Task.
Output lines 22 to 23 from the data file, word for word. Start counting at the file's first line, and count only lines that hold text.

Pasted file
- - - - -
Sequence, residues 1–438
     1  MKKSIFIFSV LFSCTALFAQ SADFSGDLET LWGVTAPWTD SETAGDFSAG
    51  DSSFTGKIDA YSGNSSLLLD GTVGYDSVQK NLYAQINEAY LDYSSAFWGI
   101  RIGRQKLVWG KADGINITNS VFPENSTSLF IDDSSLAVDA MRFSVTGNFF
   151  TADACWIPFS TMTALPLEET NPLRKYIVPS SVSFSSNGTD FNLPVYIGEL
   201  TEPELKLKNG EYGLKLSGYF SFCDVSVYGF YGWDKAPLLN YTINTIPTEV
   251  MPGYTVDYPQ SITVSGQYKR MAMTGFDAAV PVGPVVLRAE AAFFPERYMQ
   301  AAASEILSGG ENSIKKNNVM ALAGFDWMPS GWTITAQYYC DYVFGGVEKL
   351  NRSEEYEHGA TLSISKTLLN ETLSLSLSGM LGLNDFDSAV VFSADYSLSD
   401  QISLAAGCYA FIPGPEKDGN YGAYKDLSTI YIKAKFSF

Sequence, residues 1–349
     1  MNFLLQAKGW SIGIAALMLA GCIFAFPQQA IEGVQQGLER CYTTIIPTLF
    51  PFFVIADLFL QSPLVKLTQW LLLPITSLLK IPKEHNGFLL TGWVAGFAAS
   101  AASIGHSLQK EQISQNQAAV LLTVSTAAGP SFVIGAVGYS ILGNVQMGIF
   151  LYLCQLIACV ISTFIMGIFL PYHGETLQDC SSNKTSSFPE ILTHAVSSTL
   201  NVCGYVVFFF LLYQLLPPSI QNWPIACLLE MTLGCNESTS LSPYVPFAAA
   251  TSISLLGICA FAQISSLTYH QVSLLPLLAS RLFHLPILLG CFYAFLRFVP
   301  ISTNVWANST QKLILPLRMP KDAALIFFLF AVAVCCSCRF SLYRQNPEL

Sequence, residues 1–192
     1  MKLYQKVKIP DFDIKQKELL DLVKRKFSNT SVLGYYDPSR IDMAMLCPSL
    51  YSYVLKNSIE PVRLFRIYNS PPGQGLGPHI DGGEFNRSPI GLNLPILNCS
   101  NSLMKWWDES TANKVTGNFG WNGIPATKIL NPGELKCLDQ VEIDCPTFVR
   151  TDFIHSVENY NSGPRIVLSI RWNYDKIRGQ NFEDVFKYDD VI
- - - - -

   101  NSLMKWWDES TANKVTGNFG WNGIPATKIL NPGELKCLDQ VEIDCPTFVR
   151  TDFIHSVENY NSGPRIVLSI RWNYDKIRGQ NFEDVFKYDD VI